Stack Overflow is a community of 4.7 million programmers, just like you, helping each other.

Join them; it only takes a minute:

Sign up
Join the Stack Overflow community to:
  1. Ask programming questions
  2. Answer and help your peers
  3. Get recognized for your expertise

I have written code in python to implement DBSCAN clustering algorithm. My dataset consists of 14k users with each user represented by 10 features. I am unable to decide what exactly to keep as the value of Min_samples and epsilon as input How should I decide that? Similarity measure is euclidean distance.(Hence it becomes even more tough to decide.) Any pointers?

share|improve this question
Evaluate the Euclidean distance on your data set. Does it work? What is a sensible similarity threshold? Then use this threshold as epsilon for DBSCAN. – Anony-Mousse Apr 15 '12 at 18:57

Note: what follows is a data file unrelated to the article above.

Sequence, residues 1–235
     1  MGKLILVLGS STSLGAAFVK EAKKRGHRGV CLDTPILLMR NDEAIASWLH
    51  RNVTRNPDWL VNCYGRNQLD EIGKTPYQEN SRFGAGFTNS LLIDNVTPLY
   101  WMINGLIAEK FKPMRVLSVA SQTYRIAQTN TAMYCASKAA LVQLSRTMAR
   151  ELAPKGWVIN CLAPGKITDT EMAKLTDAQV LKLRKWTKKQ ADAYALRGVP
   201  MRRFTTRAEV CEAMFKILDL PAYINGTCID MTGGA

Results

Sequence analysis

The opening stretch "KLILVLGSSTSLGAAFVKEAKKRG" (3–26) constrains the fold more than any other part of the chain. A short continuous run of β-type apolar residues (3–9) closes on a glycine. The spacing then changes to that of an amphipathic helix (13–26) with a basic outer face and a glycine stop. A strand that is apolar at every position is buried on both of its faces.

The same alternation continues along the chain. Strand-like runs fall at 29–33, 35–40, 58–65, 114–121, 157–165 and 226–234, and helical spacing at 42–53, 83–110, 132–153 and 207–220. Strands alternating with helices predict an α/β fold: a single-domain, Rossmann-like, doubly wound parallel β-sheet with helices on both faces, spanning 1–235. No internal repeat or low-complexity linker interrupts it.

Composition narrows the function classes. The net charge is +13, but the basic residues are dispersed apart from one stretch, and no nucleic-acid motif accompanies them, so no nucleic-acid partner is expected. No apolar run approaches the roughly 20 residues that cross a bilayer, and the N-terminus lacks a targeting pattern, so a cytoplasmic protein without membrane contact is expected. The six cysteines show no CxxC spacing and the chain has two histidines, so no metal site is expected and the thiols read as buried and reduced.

How should I evaluate euclidean distance on my dataset? – Maxwell Apr 15 '12 at 20:23
@Anony-Mousse: I was thinking of this: Would it make sense to normalize the euclidean distances within 0-1. Now the distances might go up to something like 10k+ which make sit difficult to decide threshold. But I am not sure how to normalize it. Any ideas? – Maxwell Apr 15 '12 at 21:58
You might want to read up on the curse of dimensionality, and use some entirely different distance function. Euclidean distance makes sense in the physical world, but not in arbitrary spaces. – Anony-Mousse Apr 16 '12 at 5:25

DBSCAN is pretty often hard to estimate its parameters.

Did you think about the OPTICS algorithm? You only need in this case Min_samples which would correspond to the minimal cluster size.

Otherwise for DBSCAN I've done it in the past by trial and error : try some values and see what happens. A general rule to follow is that if your dataset is noisy, you should have a larger value, and it is also correlated with the number of dimensions (10 in this case).

share|improve this answer

Your Answer


By posting your answer, you agree to the privacy policy and terms of service.

Not the answer you're looking for? Browse other questions tagged or ask your own question.